According to an article published in The Economist, “incorporating data-driven services into more aspects of life”, will be the most tangible consequence of the long-lasting Covid-19 pandemic. Digital transformation is expected to have greater importance for companies in the future, in the near future.
A 2019 survey of CEOs, directors, and some senior executives found that their #1 concern was the risks involved with digital transformation. However, 70% of their initiatives against the movement failed to meet its objectives. Of the $1.3 trillion spent on new efforts in 2019, sadly, $900 billion was wasted.
Basically, digital transformation teams fail, despite the possibility of growth and efficiency improvements, because people don’t have the mindset to change. With flawed organizational practices, it is very difficult to change completely. Also, digitizing will magnify flaws, only to make them appear bigger.
What is Digital Transformation?
When you bring a new system into an organization, it just looks a little hyper with implementation plans, specifications, and calculations.
Digital change is one of the most important processes today, ensuring organizations are relevant as well as profitable in this competitive marketplace.
The process involves integrating innovative technologies and services into existing business practices and streamlining operations. The idea is to improve and add greater value to the final product. It involves adding new tools and applications, storing data, recording information, and many new techniques.
That of course, the digital aspect. But, if you think about it, we are talking about “transformation”, which means introducing innovative ways to work with existing teams.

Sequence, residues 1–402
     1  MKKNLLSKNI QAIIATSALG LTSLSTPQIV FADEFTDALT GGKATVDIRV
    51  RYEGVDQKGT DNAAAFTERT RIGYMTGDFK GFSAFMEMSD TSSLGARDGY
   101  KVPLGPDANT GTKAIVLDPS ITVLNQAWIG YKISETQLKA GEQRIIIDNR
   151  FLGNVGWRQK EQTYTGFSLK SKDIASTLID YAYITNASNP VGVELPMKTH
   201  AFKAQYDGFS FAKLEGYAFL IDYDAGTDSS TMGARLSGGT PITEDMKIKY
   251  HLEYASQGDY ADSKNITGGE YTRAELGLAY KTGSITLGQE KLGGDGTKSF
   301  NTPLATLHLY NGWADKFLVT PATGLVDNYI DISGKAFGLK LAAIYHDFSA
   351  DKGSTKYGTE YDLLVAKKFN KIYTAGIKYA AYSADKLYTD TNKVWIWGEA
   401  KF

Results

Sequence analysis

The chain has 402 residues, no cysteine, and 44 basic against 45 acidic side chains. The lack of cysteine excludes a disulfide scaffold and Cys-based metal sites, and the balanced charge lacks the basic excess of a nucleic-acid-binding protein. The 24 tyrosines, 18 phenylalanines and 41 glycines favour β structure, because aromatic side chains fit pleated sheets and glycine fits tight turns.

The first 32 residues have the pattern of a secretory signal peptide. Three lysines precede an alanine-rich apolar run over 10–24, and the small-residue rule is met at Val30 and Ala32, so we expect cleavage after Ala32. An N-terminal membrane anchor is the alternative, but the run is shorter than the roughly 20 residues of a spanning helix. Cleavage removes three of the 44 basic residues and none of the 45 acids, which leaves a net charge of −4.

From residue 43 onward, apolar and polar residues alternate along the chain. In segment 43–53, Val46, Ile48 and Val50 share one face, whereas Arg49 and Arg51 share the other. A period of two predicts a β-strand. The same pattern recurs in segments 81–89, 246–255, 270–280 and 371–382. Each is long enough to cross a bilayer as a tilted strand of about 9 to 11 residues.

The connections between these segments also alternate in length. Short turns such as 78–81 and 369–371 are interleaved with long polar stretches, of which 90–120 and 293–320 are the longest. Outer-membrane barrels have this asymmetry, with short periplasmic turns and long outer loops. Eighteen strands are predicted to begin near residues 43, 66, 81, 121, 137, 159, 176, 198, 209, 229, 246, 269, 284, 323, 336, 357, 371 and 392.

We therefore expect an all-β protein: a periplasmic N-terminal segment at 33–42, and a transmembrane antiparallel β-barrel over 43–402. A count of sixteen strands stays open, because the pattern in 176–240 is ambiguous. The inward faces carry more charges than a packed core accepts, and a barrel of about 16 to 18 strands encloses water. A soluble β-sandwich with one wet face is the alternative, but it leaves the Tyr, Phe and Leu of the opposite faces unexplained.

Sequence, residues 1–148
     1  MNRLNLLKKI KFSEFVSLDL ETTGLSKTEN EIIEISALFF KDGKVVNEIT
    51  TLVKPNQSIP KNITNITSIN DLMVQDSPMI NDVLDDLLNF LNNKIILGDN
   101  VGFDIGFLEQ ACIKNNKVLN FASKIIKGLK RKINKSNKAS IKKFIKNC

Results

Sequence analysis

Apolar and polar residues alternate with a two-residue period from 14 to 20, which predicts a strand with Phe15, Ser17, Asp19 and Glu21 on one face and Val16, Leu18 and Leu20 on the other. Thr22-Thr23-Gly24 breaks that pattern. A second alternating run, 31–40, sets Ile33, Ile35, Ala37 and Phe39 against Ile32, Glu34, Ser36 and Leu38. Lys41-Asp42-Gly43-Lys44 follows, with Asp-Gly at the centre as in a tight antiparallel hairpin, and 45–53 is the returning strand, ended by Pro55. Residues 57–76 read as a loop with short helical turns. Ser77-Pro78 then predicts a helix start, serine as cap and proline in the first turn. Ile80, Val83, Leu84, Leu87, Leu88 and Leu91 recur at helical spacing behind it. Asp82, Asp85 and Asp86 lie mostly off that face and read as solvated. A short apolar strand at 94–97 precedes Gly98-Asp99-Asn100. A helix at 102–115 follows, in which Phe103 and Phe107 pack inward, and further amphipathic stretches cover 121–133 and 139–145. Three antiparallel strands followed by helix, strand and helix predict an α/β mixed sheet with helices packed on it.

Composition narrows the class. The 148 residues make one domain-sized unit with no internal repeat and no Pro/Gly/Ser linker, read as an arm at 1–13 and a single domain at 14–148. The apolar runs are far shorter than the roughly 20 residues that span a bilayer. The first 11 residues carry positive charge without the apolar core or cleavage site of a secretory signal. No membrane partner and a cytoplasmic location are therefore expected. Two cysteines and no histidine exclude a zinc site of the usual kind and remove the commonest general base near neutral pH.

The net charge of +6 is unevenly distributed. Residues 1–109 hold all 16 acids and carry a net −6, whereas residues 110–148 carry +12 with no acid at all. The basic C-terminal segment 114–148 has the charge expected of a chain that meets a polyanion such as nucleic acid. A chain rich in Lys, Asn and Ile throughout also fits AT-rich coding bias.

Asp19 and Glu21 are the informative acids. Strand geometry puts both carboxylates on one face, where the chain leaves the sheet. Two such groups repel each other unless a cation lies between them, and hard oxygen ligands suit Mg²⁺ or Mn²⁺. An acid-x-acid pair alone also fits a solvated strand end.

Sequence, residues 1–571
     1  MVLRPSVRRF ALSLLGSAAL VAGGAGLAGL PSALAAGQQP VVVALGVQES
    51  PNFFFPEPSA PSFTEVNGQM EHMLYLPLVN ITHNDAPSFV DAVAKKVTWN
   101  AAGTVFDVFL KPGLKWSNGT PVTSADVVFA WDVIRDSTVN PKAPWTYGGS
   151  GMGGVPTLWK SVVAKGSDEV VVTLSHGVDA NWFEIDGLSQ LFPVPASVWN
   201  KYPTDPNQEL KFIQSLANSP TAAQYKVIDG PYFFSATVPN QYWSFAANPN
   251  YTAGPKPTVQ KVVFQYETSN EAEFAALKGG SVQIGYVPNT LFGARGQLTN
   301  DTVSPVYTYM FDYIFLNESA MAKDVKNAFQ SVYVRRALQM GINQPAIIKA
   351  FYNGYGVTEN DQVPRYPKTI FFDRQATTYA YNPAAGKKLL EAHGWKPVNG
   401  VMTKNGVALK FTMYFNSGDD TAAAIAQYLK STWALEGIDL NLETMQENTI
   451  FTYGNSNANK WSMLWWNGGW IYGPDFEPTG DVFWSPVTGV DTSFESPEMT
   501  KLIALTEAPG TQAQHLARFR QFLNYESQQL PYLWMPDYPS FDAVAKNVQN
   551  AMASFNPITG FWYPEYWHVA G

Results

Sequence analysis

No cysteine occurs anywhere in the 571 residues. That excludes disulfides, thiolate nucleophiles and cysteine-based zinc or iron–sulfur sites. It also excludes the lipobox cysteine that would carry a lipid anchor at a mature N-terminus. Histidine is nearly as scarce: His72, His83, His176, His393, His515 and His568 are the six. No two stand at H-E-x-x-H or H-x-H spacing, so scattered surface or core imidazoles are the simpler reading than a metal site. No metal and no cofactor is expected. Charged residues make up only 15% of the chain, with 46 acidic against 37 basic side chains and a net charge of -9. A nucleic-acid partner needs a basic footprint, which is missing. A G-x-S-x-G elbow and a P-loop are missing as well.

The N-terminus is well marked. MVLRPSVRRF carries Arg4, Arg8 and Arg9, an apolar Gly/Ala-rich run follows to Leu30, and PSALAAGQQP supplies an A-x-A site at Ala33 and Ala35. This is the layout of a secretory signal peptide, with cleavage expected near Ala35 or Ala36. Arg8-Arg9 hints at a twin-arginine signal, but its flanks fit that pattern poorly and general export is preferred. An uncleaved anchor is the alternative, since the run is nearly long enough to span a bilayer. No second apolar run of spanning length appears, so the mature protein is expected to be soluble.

Anyone willing to buy a new set of digital suites with the latest tools, but who’s going to run them? The key here is to ensure that the talent, or people, are onboard and the company culture is ready to adapt. Successful transformation is change management, and only people can make it happen.
Engage Your Team
Every change is difficult. If you want to introduce a major change in your organization, you have to make sure everyone is with you, and not just your leadership team. Yes, you can’t let your team make big decisions for your organization, but involving your team in a process can lead to better results.
A McKinsey study shows that while 84% of CEOs are dedicated to major transformational change, only about 45% of frontline employees agree. Obviously, connecting the dots is the main obstacle to implementing a successful strategy.
There are many ways to achieve this:
• Take feedback from the team about the changes you implemented
• Keep your team on track with the implementation strategy
• Incentivize the team with internal marketing to convince the most reluctant team members of the new technology
The transformation to a digital landscape can be potentially beneficial for an organization, but only if every team member agrees and accepts the change. Make sure you have a positive digital transformation team that understands why it’s important to adopt a new technology and its benefits.
Invest & Train Your Team
Going digital will have its hurdles. Some team members may not be as tech savvy as others. However, you can’t leave them. To take them to that level, a lot of training is required to help them adapt to the latest technologies and tools.
Remember, people have different ways of learning too, and the pace may be different. For example, some team members may understand a concept in a single demo session, while others may need several days of training to understand a new technology.
Experiment with different training materials, such as online courses and hands-on learning, and give them the flexibility to choose how they want to learn.